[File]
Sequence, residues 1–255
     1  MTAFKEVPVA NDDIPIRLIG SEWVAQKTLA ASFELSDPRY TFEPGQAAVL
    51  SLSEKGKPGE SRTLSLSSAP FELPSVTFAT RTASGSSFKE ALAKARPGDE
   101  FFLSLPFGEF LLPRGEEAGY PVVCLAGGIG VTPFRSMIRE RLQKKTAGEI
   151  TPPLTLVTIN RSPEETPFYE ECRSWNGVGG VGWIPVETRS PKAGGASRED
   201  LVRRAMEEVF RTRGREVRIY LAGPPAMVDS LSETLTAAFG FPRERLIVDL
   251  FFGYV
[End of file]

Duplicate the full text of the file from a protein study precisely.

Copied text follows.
Sequence, residues 1–255
     1  MTAFKEVPVA NDDIPIRLIG SEWVAQKTLA ASFELSDPRY TFEPGQAAVL
    51  SLSEKGKPGE SRTLSLSSAP FELPSVTFAT RTASGSSFKE ALAKARPGDE
   101  FFLSLPFGEF LLPRGEEAGY PVVCLAGGIG VTPFRSMIRE RLQKKTAGEI
   151  TPPLTLVTIN RSPEETPFYE ECRSWNGVGG VGWIPVETRS PKAGGASRED
   201  LVRRAMEEVF RTRGREVRIY LAGPPAMVDS LSETLTAAFG FPRERLIVDL
   251  FFGYV